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Dave Hellings

Dave's Bristol to Bath Marathon 2015 page

I am Running the Bristol to Bath Marathon for Epilepsy Research UK because I want to help

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  • Event: Bristol to Bath Marathon 2015, 25 Oct 2015

Epilepsy Research UK

We drive and enable groundbreaking research to treat and prevent epilepsy

Charity Registration No. 1100394

Story

Rather than give you facts and figures about epilepsy that you can search online I've chosen to share with you how epilepsy has affected me.
 
How did it happen?
 
I wasn't diagnosed with epilepsy until I was 18, this was when I had my first seizure. I was on my way home from work and had to go into a shop to buy batteries for my Walkman (yes, I'm that old), whilst in the shop my vision started to flicker and a felt a sudden feeling of panic. I left the shop as quickly as I could and once outside my body seized up; the right side of my body began moving inwards and the left side locked into place, this resulted in me stood on the spot involuntarily spinning around in circles. My neck was tilted backwards and locked in place and the last thing I remember was the sky spinning, confusion and panic, at this point I blacked out and collapsed. I woke up 3 hours later in the Bristol Royal Infirmary with my parents there.
 
I was discharged the same evening and told I would need tests to determine what caused the seizure. Once I got home from the hospital, I don't think I left the house for around two weeks in fear that it might happen again.

I had an MRI Scan, CT Scan and an EEG (whist having a flashing light directed in my face, which even for someone without epilepsy wouldn't be pleasant). After the tests I was officially diagnosed with epilepsy and for the past 16 years I have had to take anti-seizure medication twice a day, which I will most likely have to continue doing for the rest of my life.
 
How does it affect me now?
 
Although my epilepsy is well managed by medication I am still affected by some less noticeable symptoms. I experience mood swings and anxiety attacks, some days I panic about leaving the house to go to work or even to go to the supermarket to buy milk.

My memory occasionally lapses, long term and short term. Some long term memories only exist for me because there are photos and I have no memory of the event. Short term memories, I can forget a conversation mid-conversation so if you find me saying yes to a ridiculous request that's probably why.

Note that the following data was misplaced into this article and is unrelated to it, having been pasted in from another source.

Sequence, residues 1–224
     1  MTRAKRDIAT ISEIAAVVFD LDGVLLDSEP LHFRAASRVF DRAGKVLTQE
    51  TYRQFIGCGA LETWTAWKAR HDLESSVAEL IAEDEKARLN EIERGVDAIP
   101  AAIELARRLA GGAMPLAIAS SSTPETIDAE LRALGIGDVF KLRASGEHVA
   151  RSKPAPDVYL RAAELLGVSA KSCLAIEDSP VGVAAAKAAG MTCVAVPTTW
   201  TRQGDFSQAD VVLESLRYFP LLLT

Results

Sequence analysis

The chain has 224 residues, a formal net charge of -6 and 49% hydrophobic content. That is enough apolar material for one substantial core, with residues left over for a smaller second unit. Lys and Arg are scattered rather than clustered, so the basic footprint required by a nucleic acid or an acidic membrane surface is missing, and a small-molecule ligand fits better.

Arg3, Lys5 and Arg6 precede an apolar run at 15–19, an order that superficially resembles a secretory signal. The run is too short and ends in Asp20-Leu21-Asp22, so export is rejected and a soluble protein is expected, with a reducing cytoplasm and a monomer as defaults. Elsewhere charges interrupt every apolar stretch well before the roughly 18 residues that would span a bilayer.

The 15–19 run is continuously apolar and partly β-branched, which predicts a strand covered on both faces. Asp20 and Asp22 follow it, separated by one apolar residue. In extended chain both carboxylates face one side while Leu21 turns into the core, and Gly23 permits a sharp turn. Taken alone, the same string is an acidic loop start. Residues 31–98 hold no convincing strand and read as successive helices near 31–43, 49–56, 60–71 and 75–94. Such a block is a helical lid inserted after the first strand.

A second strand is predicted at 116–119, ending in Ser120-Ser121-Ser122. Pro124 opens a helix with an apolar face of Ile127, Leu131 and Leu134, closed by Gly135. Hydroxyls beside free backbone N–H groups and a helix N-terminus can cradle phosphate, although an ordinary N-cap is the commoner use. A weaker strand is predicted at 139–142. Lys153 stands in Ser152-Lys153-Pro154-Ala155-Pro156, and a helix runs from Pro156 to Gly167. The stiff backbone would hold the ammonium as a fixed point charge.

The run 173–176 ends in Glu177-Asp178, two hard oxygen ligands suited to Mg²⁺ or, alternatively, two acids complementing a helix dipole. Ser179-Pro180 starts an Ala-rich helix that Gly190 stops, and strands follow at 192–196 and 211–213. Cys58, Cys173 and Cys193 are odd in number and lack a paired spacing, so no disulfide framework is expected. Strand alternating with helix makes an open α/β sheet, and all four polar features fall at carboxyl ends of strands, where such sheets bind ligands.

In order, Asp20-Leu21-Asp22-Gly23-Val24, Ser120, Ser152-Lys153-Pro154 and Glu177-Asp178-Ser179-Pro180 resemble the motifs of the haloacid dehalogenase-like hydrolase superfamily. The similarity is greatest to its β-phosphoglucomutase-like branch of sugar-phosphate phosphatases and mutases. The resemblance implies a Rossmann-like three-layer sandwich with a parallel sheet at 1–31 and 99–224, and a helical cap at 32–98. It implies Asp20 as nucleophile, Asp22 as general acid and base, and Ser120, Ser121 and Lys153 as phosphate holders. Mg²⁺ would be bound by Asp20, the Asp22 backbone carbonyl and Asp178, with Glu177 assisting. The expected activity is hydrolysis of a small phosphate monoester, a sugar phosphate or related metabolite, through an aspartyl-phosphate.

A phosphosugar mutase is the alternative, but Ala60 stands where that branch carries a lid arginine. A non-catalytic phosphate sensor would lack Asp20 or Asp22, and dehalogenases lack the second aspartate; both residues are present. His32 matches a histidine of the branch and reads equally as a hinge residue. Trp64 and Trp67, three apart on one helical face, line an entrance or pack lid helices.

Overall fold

I can have trouble concentrating and paying attention during conversations and performing tasks.

A few lines of something I've heard will get stuck in my head, a movie line or song lyric; and it will repeat itself over and over and no other thoughts can get through. This can last for several minutes. 

I sometimes have an intense feeling of deja vu. It can be so intense that it can become confusing, causing paranoia and anxiety.

I experience "auras" these happen in different ways, most commonly for me my senses are heightened, sounds become so loud that it's like someone is shouting in my year. My vision seems brighter and the colours seem more intense. 
 
I haven't openly discussed this with family or friends before, so I'm expecting some mixed reactions
. There are so many people experiencing the same symptoms as me and have learned to hide them but they will always be there.

There is little awareness of epilepsy and until writing this I'd guess 80% of people who known me didn't know I was epileptic. It's more than likely that you all know someone; a family member, friend or work colleague who has epilepsy and you aren't aware of it.
 
Why am I telling you this?
 
I am running the Bristol to Bath Marathon on 25th October 2015 to raise money for Epilepsy Research UK and would like you to sponsor me. All donations are appreciated no matter what the amount. Running 26+ miles isn't an easy thing to do so if you'd like to cheer me during the race it would also be appreciated.
 
If you'd like to know more about epilepsy and how your donation can help, please click on the link below.
 
http://www.epilepsyresearch.org.uk/
 
Thank you for taking the time to read my story. 
 
Dave Hellings

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